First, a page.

While presents were high on my list, the whole experience excited me. The glow of the tree in the low light of early morning, everyone in their underwear and jammies with hair all a mess, a delicious breakfast of biscuits and gravy made by my favorite chef (mom!), the huge pile of waste accumulated by the end of the unwrapping session, rummaging through what seemed like a bottomless stocking, seeing the rest of my family open the gifts I had picked out, and the afternoon trip to Grandma’s for even more fun.

It was the highlight of my year and sleep simply could not compare. I knew that just around the corner was a day unlike any other, a day of peace, excitement, and joy.

Yet, I grew up.

I have lost much of that sense of wonder from my youth. I now know better about jolly old Saint Nick and mom is a thousand miles away. I will probably sleep quite soundly on December 24th. Often my only real hope for the holiday season is that I might actually enjoy it.

Is this what we call maturity? Dear Lord, I hope not.

I believe we could all learn quite a bit from our younger selves. They would tell us to play some more, to imagine, and to laugh. They would tell us to let go of our pride and shame and run into our daddy’s arms when things hurt. Oh to have the faith of a child, Lord have mercy on me.

We need these lessons from of former selves because our present selves have incurred the burden of what we call “the real world.” There are bills to pay, things to clean, papers to be written, calls to make, and we alone are responsible. We have awoken to the reality that life is hard. And in this midst of what used to a joyous season, we’ve heaped more burdens upon our shoulders: debt, stress, plans, worries, and strife.

We fill the mall parking lots hoping to fill our hearts, only to find we’ve been lied to. We strive and strive looking for “something,” waiting for “someday” that will set us free, that will awaken that sleepless child from Christmas eve. Yet the more stuff we amass and the more things we do, we still can not find it.

A wise man once said “I considered all that my hands had done and the toil I had expended in doing it, and behold, all was vanity and a striving after wind, and there was nothing to be gained under the sun.”

Where are the glad tidings of joy? What will set us free from this life of decay? Thanks be to God through Jesus Christ our Lord!

I, like my younger self am often in sleepless state but for altogether different reasons. I find rest hard to come by in a world like the one I know. So I wait. Not idly, but actively. I hope, not fleetingly but confidently. Just as Jesus came the first time at just the right time, He shall come again.

Lord knows that there is a day, right around the corner, that will change everything, a day of peace, a day of excitement, a day of Joy indeed! The following Scripture from Romans 8 fully embodies this Advent idea of joy in waiting

“This resurrection life you received from God is not a timid, grave-tending life. It’s adventurously expectant, greeting God with a childlike “What’s next, Papa?” God’s Spirit touches our spirits and confirms who we really are. We know who he is, and we know who we are: Father and children. And we know we are going to get what’s coming to us—an unbelievable inheritance! We go through exactly what Christ goes through. If we go through the hard times with him, then we’re certainly going to go through the good times with him.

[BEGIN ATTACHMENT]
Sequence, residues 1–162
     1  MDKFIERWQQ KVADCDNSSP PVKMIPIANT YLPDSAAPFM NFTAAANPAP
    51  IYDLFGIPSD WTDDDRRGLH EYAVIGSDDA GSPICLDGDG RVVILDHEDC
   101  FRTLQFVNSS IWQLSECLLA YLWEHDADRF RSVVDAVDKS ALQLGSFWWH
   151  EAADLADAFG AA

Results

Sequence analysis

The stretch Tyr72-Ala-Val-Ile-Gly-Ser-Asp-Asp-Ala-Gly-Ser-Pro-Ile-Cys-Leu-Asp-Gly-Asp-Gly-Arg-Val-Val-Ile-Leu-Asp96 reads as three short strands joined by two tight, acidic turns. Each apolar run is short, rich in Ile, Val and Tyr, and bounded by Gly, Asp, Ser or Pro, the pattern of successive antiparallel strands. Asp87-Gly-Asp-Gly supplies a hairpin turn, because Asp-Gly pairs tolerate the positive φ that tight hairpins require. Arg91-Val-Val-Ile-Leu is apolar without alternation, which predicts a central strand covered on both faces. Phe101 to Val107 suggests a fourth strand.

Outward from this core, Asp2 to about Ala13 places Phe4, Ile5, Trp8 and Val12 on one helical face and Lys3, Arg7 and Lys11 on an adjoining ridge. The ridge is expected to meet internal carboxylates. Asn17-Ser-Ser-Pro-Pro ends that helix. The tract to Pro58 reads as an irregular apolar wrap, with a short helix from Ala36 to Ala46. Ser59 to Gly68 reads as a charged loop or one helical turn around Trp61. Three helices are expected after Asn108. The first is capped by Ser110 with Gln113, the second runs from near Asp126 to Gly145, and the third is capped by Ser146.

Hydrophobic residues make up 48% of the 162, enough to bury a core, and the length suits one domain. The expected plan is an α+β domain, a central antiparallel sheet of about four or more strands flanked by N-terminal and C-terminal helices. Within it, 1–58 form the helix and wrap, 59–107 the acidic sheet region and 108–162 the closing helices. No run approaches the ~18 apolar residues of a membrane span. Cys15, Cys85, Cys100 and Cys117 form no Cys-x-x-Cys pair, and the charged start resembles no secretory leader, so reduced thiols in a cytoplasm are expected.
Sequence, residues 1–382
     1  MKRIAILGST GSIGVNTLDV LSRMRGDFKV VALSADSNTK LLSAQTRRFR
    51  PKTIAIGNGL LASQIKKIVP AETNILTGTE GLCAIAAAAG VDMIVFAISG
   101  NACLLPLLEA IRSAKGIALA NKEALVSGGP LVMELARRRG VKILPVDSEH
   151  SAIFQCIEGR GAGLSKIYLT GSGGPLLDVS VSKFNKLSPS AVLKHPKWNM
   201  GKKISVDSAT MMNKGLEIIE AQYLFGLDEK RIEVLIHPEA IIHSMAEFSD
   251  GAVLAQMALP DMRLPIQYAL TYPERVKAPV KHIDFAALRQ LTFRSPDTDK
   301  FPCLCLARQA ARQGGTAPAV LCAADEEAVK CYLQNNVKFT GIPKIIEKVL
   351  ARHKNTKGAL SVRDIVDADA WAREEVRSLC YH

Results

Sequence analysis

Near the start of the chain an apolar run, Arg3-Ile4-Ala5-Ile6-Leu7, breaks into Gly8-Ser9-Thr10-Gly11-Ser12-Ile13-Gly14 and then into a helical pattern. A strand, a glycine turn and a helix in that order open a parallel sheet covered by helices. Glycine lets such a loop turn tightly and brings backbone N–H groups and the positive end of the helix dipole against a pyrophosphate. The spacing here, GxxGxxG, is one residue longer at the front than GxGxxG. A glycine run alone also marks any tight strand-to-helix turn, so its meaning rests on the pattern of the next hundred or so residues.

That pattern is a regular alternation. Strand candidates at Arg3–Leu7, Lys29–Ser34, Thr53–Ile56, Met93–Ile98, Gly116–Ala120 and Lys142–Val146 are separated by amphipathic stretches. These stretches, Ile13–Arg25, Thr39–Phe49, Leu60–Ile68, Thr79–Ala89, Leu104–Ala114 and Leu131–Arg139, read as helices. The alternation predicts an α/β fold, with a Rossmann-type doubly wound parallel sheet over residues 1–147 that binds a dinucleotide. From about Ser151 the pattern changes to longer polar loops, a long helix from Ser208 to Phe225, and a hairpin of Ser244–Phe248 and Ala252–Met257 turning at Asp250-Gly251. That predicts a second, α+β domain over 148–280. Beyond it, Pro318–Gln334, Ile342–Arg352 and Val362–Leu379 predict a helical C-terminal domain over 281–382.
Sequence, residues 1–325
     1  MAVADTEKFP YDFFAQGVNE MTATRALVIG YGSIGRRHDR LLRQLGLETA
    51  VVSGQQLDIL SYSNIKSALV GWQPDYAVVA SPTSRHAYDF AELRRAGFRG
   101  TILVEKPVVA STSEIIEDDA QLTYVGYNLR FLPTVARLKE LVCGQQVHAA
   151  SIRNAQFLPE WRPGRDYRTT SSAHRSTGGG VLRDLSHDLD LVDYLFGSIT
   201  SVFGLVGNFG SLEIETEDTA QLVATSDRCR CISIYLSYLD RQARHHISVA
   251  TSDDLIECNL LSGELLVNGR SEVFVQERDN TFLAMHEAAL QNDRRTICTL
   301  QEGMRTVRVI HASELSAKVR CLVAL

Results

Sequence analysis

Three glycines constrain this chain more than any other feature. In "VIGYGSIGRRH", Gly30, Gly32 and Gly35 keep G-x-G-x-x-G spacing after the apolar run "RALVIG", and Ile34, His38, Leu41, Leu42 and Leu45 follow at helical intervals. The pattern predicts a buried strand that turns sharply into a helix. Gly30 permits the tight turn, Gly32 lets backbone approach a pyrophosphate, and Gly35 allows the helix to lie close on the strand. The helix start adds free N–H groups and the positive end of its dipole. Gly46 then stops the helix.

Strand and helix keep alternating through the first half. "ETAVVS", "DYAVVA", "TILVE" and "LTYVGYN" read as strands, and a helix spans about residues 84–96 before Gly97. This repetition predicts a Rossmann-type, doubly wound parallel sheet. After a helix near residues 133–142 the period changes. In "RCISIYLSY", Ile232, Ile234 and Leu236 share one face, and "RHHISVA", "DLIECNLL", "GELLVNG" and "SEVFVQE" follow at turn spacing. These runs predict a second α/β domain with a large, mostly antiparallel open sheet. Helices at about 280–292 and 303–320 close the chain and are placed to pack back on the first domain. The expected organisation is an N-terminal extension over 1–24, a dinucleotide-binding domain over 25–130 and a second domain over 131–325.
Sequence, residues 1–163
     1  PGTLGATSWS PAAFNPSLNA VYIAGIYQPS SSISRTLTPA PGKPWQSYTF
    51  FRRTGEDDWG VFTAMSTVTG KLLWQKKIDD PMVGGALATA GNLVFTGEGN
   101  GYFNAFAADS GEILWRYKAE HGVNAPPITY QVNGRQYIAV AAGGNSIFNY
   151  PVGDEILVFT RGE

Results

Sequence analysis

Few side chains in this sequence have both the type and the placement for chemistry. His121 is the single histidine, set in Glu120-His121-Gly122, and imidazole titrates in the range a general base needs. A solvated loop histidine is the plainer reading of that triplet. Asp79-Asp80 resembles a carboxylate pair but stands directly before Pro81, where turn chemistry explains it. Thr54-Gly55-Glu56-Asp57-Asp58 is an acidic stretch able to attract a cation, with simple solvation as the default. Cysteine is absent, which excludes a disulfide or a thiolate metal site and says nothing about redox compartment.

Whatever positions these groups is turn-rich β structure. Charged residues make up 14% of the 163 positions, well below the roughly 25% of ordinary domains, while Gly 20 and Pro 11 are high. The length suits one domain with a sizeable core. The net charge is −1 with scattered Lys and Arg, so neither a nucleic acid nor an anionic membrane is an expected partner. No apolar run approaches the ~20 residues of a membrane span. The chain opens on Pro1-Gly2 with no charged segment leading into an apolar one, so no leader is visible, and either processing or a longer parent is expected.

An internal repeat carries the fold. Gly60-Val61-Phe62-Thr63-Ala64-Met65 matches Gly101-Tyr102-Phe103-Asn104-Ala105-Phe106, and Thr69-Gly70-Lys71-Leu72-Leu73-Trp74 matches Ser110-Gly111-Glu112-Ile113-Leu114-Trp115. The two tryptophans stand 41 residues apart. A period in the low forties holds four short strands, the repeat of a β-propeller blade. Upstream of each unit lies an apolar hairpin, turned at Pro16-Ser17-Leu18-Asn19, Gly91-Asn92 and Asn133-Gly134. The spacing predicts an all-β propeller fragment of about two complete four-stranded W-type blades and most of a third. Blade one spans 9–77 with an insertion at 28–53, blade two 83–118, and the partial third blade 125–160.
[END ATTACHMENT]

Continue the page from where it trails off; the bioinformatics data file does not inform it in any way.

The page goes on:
That’s why I don’t think there’s any comparison between the present hard times and the coming good times. The created world itself can hardly wait for what’s coming next. Everything in creation is being more or less held back. God reins it in until both creation and all the creatures are ready and can be released at the same moment into the glorious times ahead. Meanwhile, the joyful anticipation deepens.” (Romans 8:15-21 MSG)

That author knew what was right around the corner and he knew that in the waiting was joy. That deep down inside each of us (and even all of creation) there is an intense longing for “someday.” In Christ, we can know that that “someday” is coming, that He is coming. And we can join all creation in singing the joyous victory song, “Free at last, free at last, thank God Almighty we are free at last!”

Michael is a student at Denver Seminary and wants nerdy things like books on theology for Christmas. He is planting a church in North Little Rock, AR; you can find out more about it here: He also has a blog, A Sprig of Hope, found here.


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Come Lord Jesus (or How the Nativity Foreshadows the Eschatological Throne Scene)

Yesterday was the first Sunday of Advent. Coming from zero church background until I was 21 and then being limited to Southern Baptist life, the season of Advent is in many ways a new discovery for me. If you are in the same boat, a brief background concerning Advent may be in order. Advent is Latin for “coming” and is a season of anticipation that both reflects the waiting of the Jews (and all creation) for the Messiah and looks ahead to the second coming (Advent) of Christ. This is observed through various liturgical methods such as the lighting of candles.

My family has decided to observe Advent this year, in hopes of creating godly traditions for ourselves and Mary Grace. While we will be lighting candles, we also did not want to be merely ritualistic in our practice. So, I have been meditating on what it means to long for the return of Christ and to reflect on the importance of his Incarnation.

Initially I have been convicted by passages that speak of Israel’s rejection of Christ when He came. John 1:11 says “…his own people did not accept him.” When the Magi seek out Jesus by inquiring of Herod about the location of the “King of the Jews,” Matthew 2:3 says that Herod “…was frightened, and all Jerusalem with him.” The very people who were so desperate for a Messiah, a deliverer, simply did not want Him when He came. I’m not sure why, perhaps is was how He came or how He would die. He was not what they expected in any way, so they rejected Him in every way.